7 Buzzwords to Stop Using

Businesses thrive on clear and effective communication. Buzzwords stand in the way of said communication. That’s why you should eliminate these seven buzzwords from your life. 


Back in 1997 when Clayton Christensen wroteThe Innovator’s Dilemma and coined the term ‘innovative disruption’, the word disruption took off. It helped that it had a specific meaning: a new technology can upend and destroy an old business model. Old timey example: someone invented refrigerators and the North American ice trade collapsed.

But now people use ‘disruption’ and ‘disrupt’ to mean nearly anything. They try and ‘disrupt’ social media with a marketing campaign. Or ‘disrupt’ their competitors by making a big sale. Or ‘disrupt’ the business press with a press release. 

When a word starts to mean anything, it means nothing. 

Ping Me

Such a vague way of saying ‘contact me’. Why not ask for a meeting, a message, or an email? Or better yet, just offer to call. Phone calls are underrated


If you aren’t customer-centric, what are you? Out of business in six months? 


If the word ‘utilize’ has a purpose, it’s to make writing more dense than necessary and to expose those who frequently use it as pretentious. George Orwell said to never use a longer word when a short one will do, and this is certainly the case when it comes to ‘utilize’ versus ‘use’.

Of course, when it comes to science writing, ‘utilize’ has a specific meaning. Everyone else should stick to ‘use’.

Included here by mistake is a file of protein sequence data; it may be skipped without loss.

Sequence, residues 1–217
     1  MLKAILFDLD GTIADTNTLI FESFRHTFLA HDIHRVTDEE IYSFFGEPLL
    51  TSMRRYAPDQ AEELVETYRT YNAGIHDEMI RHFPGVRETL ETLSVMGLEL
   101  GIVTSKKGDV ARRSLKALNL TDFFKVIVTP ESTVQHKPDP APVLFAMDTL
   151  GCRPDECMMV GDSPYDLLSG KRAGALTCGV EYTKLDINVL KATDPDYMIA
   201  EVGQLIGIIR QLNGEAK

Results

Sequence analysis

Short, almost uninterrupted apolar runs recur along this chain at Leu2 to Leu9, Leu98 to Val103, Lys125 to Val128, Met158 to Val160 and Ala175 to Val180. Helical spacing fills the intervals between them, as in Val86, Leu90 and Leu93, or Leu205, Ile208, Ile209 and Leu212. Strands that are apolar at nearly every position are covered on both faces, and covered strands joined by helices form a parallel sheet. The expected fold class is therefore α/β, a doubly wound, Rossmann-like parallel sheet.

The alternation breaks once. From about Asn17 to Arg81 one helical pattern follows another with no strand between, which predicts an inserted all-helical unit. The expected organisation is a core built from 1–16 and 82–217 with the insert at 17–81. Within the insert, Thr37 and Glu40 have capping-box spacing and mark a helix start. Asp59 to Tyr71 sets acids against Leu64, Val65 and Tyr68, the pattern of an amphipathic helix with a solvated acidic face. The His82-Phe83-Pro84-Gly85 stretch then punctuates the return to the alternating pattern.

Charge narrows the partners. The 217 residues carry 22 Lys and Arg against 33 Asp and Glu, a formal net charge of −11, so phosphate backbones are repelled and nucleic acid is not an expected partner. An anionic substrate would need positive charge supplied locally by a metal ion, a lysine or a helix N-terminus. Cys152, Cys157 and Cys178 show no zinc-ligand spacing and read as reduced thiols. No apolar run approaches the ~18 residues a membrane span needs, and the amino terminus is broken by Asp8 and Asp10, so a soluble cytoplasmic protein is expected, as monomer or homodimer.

Thought Leader 

A person can be a leader. A person can be an expert. A person can be influential. But what, exactly, is a ‘thought leader’? A leader leads people. A leader doesn’t lead thoughts. 

Extra note: People who are actually influential rarely need to call themselves influential. Something to keep in mind for updating LinkedIn. 

Think Outside the Box

Telling someone to ‘think outside the box’ is like telling someone to come up with better ideas. It’s a tad insulting. 

But there’s something more sinister about the whole idea of ‘thinking outside the box’. It sets up the idea that ‘in the box’ thinking, that is, ideas that are boring, traditional, or expected, aren’t good ideas, while ‘outside the box’ thinking, that is, ideas that are innovative, unexpected, or weird, are good ideas. But that’s silly. Sometimes boring ideas, like inviting in outside auditors or setting up off-site back-ups are excellent ideas. And sometimes ‘outside the box’ ideas, like marketing soft drinks to breakfast eaters or a toothpaste company selling frozen dinners.

Going Forward 

Going forward just means ‘in the future’, which is a phrase no one really needs to use. The future is the only time anyone can do something. Telling someone to do something ‘going forward’ just rules out doing something in the past. Compare: 

“You should cc me on invoices.”

“You should cc me on invoices, going forward.”

See what we mean?